# What is the more accurate way of stating the correctness of a PK encryption scheme?

Is it more accurate to state that a public key encryption scheme is correct if for all $$m \in M$$ and $$(pk, sk) \in \operatorname{Gen}(1^k)$$

a. $$\operatorname{Dec}_{sk}(\operatorname{Enc}_{pk}(m))=m\;$$ or,

b. $$\Pr[\operatorname{Dec}_{sk}(\operatorname{Enc}_{pk}(m))=m] = 1 - \operatorname{negl}(k)\;$$ or,

c. does it depend on the scheme or some other factor?

• I'd say that (1) shows correctness. But that's more about programmatic correctness than anything else. It doesn't show necessarily that the scheme is secure - particularly it doesn't show that you cannot decrypt in any other way. Dec 29, 2020 at 23:40

Deciding among a or b is a matter of choice of definition of public-key encryption. Clearly a is desirable, and b is a fallback in order to allow some interesting cryptosystems. The definition is chosen according to the cryptosystem studied, as in c.

As pointed by poncho in comment, in b as it stands, the meaning is that for all keys and messages, there's negligible probability that decryption does not yield the original message. The encryption algorithm is re-expressed as a deterministic algorithm with an extra input $$r$$ for the random allowing to achieve CPA security, and it's really meant that $$\Pr[\operatorname{Dec}_{sk}(\operatorname{Enc}_{pk}(m, r))=m]\quad=\quad1 - \operatorname{negl}(k)$$ where the probability is computed over all inputs $$r$$ randomizing the encryption. Such tolerance for rare failures is necessary for some cryptosystems, e.g. those based on Hidden Field Equations.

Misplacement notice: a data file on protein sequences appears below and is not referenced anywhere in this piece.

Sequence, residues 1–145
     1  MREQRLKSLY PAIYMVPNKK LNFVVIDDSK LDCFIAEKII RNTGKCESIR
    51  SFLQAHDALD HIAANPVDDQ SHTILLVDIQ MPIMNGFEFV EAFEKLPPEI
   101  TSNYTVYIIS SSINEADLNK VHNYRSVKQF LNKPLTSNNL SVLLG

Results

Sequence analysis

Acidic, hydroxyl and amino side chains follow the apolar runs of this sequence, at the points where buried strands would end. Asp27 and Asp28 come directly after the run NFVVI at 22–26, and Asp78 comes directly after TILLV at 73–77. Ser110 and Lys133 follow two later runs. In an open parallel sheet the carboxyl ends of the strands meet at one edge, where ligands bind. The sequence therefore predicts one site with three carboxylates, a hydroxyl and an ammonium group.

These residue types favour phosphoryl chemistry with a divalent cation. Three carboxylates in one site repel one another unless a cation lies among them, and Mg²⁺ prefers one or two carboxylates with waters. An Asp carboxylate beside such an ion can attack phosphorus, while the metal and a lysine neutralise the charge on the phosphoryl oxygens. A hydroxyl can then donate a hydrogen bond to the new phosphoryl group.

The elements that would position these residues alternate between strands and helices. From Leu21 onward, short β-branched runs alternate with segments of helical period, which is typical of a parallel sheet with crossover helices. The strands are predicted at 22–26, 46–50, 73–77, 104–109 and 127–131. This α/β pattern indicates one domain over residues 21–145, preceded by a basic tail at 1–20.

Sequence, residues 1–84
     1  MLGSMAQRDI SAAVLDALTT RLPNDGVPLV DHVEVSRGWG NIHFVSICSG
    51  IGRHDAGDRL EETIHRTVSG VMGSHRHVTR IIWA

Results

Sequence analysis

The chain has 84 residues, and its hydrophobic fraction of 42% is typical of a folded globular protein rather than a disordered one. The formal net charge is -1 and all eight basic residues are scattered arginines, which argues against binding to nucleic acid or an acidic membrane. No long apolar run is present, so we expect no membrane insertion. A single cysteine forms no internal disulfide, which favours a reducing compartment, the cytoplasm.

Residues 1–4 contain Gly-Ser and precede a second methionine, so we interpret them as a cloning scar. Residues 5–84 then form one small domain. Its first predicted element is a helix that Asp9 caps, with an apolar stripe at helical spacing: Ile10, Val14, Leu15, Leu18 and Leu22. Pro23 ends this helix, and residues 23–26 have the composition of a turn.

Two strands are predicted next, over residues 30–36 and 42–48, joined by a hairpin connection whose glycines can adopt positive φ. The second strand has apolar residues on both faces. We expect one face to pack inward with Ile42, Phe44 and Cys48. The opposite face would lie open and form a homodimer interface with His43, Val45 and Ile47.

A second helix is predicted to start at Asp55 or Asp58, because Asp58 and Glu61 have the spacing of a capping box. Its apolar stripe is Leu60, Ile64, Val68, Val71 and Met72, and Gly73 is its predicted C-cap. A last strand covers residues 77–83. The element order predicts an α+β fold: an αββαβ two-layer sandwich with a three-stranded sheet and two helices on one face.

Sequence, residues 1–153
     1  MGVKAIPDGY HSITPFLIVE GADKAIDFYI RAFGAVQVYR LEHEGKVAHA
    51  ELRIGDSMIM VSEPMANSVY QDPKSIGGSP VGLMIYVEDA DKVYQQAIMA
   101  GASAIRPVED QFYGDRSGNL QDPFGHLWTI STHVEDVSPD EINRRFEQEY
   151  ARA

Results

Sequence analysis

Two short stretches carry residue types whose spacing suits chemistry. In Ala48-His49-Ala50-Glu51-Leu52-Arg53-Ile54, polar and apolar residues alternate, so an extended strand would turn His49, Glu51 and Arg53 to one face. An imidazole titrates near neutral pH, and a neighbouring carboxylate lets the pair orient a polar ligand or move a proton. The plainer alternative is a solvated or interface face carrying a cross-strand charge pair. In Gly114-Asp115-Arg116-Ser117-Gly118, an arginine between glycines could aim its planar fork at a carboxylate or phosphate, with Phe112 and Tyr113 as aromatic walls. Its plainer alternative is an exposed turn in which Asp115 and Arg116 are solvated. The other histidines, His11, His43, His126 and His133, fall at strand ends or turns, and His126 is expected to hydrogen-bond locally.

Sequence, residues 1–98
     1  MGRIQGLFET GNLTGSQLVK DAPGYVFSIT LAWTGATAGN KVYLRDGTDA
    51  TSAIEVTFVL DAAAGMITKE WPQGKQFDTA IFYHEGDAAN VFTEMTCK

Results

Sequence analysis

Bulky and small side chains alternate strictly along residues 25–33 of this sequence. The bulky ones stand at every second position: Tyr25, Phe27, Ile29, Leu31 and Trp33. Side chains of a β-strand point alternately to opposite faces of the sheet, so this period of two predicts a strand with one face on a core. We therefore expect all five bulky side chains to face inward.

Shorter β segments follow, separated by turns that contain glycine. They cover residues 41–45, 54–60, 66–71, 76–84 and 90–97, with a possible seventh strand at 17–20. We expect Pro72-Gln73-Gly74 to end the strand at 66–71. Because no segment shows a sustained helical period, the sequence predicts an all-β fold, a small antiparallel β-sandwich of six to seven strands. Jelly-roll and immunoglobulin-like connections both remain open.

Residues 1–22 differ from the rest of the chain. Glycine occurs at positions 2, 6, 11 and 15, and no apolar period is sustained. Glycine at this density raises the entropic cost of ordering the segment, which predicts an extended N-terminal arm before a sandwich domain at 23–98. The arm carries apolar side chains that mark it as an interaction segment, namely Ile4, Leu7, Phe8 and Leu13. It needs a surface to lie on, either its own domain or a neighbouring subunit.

There is at least one other popular alternative to b: we can require that all except vanishingly few keys allow certain encryption and decryption of all messages $$m\in M$$. We thus compute the probability that there exists a message $$m$$ and random input $$r$$ making encryption/decryption fail over the set of keys produced by $$\operatorname{Gen}(1^k)$$ (or even more precisely, over the set of random inputs to that algorithm re-expressed as a deterministic one with random input $$r$$). That's the definition of public-key encryption given by Jonathan Katz and Yehuda Lindell's Introduction to Modern Cryptography 2nd edition. Their rationale is allowing RSA with a probabilistic prime test. They explicitly choose to ignore the exceptions.

Update: in IMC 3rd edition, that changed slightly. The probability is computed over the randomness of $$\operatorname{Gen}$$ and $$\operatorname{Enc}$$. I think it will stick as the standard definition of public-key encryption.

Yet other cryptosystems are correct with a only, e.g. RSA with proven primes, or ECIES when working with families of curves and generators of proven order.

• Actually, for $b$, what is generally meant is that the encryption is randomized; hence, it really is $\Pr[\operatorname{Dec}_{sk}(\operatorname{Enc}_{pk}(m, r))=m] = 1 - \operatorname{negl}(k)\;$ which we insist holds for any valid $sk, pk$ pair, and any message $m$ (and which $r$ is the only random variable) Dec 30, 2020 at 3:54
• @poncho: thanks for showing me the light!
– fgrieu
Dec 30, 2020 at 8:13